Shirin, a former Yazidi ISIS captive, addresses the 9th Annual Geneva Summit for Human Rights and Democracy – see quotes below, followed by full prepared remarks.

9th Annual Geneva Summit for Human Rights and Democracy, Tuesday, February 21, 2017

On her capture by ISIS:

“First, the men and women were separated. The men had to stay in Hardan, including my brother…We suspect they were murdered for several mass graves were found around Hardan.”

“Women were separated from their mothers and they were sent off for sexual slavery.”

On her personal ordeal as a sex slave:

“I was sold several times and I became pregnant and I realised two months later that I was pregnant but by that time I’d been bought by another man. I wanted to abort the child and I took medicine and carried heavy things, hoping to miscarry. It happened, but I was very sick and I became very ill because of it.”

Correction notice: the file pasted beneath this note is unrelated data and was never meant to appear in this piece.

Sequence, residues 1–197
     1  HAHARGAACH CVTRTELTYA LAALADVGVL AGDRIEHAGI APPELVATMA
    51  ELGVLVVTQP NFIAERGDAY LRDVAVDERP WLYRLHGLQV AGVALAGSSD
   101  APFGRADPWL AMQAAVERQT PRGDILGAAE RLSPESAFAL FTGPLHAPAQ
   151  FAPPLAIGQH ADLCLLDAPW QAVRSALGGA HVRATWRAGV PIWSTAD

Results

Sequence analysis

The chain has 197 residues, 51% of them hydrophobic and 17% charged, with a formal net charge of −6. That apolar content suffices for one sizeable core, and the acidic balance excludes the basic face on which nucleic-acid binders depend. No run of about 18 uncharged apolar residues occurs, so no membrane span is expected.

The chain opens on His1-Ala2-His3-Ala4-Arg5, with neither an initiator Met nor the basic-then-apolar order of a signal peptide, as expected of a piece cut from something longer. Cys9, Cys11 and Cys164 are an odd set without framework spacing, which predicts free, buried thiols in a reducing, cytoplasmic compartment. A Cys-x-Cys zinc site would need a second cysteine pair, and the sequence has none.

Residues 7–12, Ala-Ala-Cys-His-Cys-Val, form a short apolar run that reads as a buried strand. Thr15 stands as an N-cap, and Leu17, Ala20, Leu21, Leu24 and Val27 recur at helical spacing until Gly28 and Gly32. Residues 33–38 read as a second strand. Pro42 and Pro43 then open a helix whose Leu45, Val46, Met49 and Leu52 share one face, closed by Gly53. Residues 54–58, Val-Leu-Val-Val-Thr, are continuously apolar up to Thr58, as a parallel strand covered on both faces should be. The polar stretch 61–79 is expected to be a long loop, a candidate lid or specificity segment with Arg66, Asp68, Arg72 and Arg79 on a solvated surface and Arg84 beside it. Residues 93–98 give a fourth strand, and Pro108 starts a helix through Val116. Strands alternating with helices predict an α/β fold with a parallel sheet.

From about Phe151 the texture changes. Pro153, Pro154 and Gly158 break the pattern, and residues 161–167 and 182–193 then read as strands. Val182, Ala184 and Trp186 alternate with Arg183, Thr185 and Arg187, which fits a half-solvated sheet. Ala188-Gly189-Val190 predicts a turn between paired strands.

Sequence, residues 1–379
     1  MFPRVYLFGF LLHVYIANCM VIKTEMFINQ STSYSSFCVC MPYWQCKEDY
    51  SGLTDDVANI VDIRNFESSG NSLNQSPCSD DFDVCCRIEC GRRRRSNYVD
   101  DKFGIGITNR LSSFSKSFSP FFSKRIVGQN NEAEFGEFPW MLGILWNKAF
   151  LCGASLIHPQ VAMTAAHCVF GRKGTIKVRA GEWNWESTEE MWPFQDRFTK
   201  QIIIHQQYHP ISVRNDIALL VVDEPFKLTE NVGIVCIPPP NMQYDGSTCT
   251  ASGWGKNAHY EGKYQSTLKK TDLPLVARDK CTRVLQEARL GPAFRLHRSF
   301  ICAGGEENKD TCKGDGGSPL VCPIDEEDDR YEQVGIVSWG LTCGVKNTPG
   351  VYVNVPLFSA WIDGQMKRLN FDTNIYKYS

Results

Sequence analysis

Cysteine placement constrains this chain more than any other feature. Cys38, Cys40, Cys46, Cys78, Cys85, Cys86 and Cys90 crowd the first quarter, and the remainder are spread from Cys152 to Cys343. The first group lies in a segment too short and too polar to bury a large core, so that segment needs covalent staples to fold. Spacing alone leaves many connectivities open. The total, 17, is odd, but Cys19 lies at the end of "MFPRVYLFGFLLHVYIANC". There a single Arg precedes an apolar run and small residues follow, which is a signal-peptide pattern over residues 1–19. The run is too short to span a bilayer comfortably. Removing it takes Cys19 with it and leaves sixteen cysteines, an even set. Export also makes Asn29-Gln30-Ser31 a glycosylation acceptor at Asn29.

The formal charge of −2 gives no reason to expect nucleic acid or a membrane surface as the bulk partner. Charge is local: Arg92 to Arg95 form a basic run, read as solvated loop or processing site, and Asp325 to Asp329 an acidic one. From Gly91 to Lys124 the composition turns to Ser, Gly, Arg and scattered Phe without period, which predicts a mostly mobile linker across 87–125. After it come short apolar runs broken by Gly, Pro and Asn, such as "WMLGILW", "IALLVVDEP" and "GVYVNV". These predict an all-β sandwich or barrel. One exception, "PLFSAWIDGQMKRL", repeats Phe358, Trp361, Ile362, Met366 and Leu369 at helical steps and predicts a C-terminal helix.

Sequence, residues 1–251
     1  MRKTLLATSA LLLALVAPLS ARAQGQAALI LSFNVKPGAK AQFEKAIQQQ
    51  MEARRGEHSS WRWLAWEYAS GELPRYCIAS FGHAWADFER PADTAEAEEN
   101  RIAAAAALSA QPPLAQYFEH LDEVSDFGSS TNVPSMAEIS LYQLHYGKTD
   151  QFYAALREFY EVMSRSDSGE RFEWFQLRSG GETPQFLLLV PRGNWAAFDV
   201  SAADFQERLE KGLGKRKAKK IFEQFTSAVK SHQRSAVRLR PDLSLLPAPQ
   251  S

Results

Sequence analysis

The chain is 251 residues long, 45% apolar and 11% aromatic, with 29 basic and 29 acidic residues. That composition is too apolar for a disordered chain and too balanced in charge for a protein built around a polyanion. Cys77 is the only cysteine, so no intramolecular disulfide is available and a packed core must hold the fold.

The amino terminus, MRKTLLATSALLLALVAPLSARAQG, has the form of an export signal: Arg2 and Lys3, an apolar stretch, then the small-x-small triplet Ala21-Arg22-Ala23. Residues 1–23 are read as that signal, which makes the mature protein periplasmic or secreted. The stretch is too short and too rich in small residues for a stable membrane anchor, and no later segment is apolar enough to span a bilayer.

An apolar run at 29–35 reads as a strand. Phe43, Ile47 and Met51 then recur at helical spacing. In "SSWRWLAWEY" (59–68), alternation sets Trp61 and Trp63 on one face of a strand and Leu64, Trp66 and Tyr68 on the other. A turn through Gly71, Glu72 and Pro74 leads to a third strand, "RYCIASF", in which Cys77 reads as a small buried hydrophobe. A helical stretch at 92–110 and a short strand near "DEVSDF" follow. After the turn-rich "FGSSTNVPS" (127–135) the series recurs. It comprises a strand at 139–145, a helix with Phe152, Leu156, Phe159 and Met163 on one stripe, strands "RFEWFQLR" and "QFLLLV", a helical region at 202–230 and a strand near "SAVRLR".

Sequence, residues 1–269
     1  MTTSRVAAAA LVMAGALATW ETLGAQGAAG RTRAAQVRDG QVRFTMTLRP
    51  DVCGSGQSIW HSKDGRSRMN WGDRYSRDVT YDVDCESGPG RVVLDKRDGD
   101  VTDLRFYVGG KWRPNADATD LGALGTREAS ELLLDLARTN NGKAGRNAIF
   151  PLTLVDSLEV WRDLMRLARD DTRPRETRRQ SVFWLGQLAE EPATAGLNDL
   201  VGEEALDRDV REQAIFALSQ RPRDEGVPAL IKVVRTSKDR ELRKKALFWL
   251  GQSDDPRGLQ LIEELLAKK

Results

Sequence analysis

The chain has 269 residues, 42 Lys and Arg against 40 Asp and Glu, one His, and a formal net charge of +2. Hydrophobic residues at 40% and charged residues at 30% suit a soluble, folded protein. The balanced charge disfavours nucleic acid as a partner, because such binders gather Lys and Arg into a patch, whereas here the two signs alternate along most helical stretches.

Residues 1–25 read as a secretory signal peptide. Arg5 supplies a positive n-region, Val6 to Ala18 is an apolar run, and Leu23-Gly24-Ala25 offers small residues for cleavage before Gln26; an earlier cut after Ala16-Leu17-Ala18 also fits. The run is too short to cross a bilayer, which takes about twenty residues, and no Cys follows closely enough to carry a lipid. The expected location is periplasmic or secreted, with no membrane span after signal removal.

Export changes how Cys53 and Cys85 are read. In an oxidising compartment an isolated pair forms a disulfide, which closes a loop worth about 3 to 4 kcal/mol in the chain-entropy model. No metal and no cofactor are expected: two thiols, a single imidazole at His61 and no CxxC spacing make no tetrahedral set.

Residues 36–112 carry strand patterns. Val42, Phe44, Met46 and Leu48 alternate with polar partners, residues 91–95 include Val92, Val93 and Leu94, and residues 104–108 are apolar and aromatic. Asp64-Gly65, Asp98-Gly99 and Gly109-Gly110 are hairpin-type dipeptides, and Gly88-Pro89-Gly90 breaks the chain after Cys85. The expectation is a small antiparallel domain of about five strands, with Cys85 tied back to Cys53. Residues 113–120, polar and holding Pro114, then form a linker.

“I was captured by the Islamic State for nine months and was sold nine times and I was very mistreated and raped.”

On what can be done for the Yazidi people:

“We must locate the mass graves and study the DNA; there must be international recognition of the massacre of the Yazidi people as genocide; protection must be provided for indigenous people such as the Yazidi; we must help the Yazidi refugees outside of Iraq in Greece and in Turkey.”

“My deepest wish is to liberate the 3000 women who are still in detention. The leaders of ISIS are responsible for these attacks and should be brought before the International Criminal Court.”

Full Remarks

I would like to thank you very much for this invitation. 

My name is Shirin, I’m 20 years old and I come from the village of Hardin in the district of Shingal. I’m from a middle-class family. My family consisted of seven family members. My father worked as an electrician, my mother was a housewife who took care of us and of the household. I had two brothers and sisters, we attended school. My wish was to become a lawyer and fight for justice and women’s rights.